Heterodox Economics Newsletter

Issue 239 December 03, 2018 web pdf Heterodox Economics Directory

It is now quite evident that tackling climate change is a major economic challenge of the 21st century. Against this backdrop, I was intrigiued to find that some members of the European Central Banking System are now actively thinking about an agenda on how to incorporate climate-considerations in central banking activities. The first progress report of the associated "Network for Greening the Financial System" explores general options for introducing criteria for assessing the financial risks arising from climate change and the use of fossil fuels - as, for instance, steming from a reliance on emission-intensive inputs or investments in climate-vulnerable sectors - and introducing these criteria in the broader operations related to macroeconomic surveillance and financial stability assessments. Such an approach is surely laudable as it essentially aims to influence the behavior of private actors in the financial sector to engage in similar efforts for assessing risks emerging from climate change and to adapt their investment strategies accordingly. However, the strategy is also cast within the current conceptual and theoretical constraints: it aims to design more appropriate incentive-schemes by employing and extending traditional risk-assessment tools to encourage greater sensibility for climate-concerns and operates fully within the given mandate of the European Central Banking System.

As already said I find this laudable and ambitious because this strategy surely represents a step in the right direction. Nevertheless I wonder, whether such efforts - if successively implemented in due time - would really exhaust the institutional potential of central banks for fighting climate change. In theoretical terms, climate change can be seen as a coordination problem (arising from a repeated prisoners' dilemma) with many, many players. In such a constellation it can often be beneficial to assign a stronger role to centralized decision-making instead of relying on decentralized coordination. Applying this more abstract argument to the case at hand would probably imply an even more ambitious strategy for Central Banks by, for instance, widening their mandate to also engage in financing for more long-term innovations to the benefit of future generations. A concrete proposal could draw, for instance, on Modern Monetary Theory and the works on the entrepreneurial role of the state to provide a clear-cut roadmap for doing so. Such a suggestion would not be that radical as it neither implies to overburden central banks nor would it lead to the conclusion that the state should solely direct the path of innovation; it would rather follow the modest Popperian principle of piecemeal engineering by aiming to develop novel tools for resolving a major problem for the further development of mankind.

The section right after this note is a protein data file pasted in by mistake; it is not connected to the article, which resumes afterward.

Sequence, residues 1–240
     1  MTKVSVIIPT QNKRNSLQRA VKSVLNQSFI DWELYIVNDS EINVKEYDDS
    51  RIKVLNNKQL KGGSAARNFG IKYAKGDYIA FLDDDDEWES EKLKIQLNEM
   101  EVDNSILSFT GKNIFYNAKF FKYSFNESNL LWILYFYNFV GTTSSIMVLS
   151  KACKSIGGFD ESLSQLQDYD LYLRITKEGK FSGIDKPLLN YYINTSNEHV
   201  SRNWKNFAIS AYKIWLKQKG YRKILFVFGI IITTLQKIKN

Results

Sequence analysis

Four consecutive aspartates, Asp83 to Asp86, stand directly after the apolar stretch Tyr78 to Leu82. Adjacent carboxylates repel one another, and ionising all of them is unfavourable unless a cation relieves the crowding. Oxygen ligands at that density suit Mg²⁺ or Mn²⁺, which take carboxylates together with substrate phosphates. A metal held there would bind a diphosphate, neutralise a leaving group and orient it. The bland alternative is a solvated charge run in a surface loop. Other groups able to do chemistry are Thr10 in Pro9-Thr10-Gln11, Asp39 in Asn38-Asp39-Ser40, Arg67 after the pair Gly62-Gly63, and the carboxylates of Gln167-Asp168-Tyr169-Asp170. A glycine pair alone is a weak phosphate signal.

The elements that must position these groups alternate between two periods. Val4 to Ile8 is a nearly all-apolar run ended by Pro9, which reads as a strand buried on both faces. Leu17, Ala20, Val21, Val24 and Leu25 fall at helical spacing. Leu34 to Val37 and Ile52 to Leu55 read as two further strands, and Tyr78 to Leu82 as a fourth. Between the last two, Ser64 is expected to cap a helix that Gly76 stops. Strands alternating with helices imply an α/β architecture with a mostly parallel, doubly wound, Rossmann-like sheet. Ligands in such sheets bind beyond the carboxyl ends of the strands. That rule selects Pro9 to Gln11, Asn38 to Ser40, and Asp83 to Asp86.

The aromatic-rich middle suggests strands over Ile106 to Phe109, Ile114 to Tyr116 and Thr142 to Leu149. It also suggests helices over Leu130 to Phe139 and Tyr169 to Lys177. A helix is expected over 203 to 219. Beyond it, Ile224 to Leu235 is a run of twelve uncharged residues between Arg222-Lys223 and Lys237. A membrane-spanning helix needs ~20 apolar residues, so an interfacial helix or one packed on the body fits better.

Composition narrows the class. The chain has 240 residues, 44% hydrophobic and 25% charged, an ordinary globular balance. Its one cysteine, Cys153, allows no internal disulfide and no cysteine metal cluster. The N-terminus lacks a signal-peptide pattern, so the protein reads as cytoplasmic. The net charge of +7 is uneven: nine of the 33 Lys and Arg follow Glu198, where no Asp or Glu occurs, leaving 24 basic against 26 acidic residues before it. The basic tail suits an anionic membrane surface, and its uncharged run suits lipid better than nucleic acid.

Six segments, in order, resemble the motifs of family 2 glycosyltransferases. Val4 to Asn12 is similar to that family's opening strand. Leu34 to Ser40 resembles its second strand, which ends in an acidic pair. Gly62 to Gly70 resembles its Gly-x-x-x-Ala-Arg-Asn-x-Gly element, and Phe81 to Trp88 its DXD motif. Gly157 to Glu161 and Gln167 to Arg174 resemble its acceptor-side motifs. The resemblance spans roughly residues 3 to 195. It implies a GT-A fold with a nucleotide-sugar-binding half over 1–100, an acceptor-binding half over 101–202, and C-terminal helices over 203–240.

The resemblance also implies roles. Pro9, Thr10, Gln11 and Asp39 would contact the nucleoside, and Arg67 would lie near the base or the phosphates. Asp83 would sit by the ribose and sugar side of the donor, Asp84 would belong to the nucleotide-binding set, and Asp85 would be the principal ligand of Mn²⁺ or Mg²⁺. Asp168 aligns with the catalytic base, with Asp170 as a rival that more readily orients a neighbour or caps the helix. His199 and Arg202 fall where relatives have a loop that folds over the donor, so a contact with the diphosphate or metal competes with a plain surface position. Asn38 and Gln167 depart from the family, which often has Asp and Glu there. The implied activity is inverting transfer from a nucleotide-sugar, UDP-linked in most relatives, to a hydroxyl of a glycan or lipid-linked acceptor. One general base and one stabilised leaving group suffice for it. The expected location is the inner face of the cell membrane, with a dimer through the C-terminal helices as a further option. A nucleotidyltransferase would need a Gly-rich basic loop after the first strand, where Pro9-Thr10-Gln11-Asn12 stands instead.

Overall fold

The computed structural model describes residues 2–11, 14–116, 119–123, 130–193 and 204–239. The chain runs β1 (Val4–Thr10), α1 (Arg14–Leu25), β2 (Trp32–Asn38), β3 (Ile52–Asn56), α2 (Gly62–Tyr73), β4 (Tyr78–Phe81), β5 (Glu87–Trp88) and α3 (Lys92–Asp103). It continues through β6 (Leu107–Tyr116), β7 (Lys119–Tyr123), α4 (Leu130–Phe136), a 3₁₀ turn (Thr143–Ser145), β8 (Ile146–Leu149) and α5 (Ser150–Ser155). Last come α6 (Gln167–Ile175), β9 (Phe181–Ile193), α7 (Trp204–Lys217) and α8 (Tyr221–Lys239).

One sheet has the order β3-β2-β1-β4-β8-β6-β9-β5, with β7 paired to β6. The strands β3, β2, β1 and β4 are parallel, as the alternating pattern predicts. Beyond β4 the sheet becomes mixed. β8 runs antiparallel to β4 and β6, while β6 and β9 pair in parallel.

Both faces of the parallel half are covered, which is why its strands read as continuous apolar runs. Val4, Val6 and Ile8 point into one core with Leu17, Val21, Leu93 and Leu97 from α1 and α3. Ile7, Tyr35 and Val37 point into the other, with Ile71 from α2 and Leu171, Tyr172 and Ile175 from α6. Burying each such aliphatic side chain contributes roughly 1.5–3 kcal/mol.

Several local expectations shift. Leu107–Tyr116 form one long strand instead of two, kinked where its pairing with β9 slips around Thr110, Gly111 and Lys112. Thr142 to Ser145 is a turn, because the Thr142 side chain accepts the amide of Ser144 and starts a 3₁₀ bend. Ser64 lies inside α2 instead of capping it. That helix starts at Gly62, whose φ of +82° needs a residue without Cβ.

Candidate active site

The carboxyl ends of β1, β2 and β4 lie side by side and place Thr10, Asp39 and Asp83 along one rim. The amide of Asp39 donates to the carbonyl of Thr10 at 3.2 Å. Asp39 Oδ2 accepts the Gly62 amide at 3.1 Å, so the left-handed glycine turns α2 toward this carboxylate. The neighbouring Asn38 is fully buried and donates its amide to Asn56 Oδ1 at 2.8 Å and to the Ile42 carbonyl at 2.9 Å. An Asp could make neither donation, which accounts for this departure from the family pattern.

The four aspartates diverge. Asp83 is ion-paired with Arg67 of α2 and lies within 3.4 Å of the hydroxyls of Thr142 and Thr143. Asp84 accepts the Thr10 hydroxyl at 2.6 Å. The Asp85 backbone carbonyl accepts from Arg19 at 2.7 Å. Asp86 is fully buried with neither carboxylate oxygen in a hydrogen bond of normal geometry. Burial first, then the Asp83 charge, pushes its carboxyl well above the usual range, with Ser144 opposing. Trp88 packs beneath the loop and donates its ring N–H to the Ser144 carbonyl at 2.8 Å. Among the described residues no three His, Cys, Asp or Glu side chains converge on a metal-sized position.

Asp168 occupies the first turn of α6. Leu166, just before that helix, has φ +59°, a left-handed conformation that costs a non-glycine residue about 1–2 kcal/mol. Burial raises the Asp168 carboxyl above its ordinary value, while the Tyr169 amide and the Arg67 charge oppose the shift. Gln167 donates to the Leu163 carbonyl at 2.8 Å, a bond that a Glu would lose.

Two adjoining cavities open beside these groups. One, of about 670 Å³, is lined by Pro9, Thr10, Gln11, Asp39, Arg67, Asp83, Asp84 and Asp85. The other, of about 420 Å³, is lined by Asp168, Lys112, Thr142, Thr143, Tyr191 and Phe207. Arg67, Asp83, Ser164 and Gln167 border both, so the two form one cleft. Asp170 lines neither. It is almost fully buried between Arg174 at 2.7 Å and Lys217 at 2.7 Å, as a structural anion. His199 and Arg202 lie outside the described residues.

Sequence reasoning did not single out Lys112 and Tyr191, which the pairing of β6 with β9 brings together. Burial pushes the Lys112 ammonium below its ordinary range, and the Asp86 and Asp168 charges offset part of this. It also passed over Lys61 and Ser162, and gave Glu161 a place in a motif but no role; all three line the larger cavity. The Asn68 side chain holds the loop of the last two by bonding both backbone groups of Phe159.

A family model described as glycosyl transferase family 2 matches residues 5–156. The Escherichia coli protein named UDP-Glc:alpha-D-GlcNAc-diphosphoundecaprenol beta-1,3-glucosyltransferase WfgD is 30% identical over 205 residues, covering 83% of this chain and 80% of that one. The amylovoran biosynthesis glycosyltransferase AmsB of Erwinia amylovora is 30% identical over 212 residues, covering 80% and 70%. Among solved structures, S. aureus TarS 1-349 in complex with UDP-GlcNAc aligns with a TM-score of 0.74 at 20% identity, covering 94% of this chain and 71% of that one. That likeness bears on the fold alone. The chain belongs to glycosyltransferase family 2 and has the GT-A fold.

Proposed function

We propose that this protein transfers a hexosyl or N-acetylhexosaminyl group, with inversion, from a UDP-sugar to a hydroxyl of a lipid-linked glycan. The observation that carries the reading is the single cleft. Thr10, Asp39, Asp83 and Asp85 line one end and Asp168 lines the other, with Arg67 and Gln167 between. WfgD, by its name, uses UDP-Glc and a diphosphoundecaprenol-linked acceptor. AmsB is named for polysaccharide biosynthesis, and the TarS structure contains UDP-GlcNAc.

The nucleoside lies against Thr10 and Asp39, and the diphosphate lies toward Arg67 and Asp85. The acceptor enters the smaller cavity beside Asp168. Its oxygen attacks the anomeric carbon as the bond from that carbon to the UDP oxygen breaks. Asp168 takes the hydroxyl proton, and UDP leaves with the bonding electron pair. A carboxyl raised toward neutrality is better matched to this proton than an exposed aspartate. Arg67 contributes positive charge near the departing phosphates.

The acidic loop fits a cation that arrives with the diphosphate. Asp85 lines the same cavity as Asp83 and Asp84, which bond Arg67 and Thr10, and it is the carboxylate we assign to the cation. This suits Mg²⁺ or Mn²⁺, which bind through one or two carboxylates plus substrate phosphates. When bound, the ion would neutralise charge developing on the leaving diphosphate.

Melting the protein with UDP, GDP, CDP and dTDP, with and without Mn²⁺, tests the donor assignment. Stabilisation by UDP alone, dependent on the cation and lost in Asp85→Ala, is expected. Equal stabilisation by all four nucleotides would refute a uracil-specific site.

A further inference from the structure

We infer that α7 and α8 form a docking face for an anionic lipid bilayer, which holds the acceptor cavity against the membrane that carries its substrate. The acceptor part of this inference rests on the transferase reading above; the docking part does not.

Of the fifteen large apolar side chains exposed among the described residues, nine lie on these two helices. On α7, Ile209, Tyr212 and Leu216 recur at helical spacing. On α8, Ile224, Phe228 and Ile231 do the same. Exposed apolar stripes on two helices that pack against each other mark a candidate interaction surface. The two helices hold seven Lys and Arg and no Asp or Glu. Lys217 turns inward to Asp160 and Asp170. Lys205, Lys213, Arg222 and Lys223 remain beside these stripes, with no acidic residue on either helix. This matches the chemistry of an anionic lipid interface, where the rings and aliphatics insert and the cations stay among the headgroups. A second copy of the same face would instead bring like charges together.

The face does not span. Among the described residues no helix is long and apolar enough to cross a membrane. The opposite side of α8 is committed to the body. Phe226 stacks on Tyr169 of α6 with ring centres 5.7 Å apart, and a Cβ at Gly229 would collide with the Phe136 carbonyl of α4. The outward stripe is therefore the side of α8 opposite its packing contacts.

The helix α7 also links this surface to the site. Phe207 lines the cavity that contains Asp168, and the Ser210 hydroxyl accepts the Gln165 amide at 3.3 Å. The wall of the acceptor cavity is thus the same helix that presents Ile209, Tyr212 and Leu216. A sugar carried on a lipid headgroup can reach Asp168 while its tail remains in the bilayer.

Seeing such a strategy complement the efforts currently undertaken by the "Network for Greening the Financial System" would probably induce me to tell my children slightly more optimistic bedtime-stories, so, hey, there is also an incentive-component here!

All the best,


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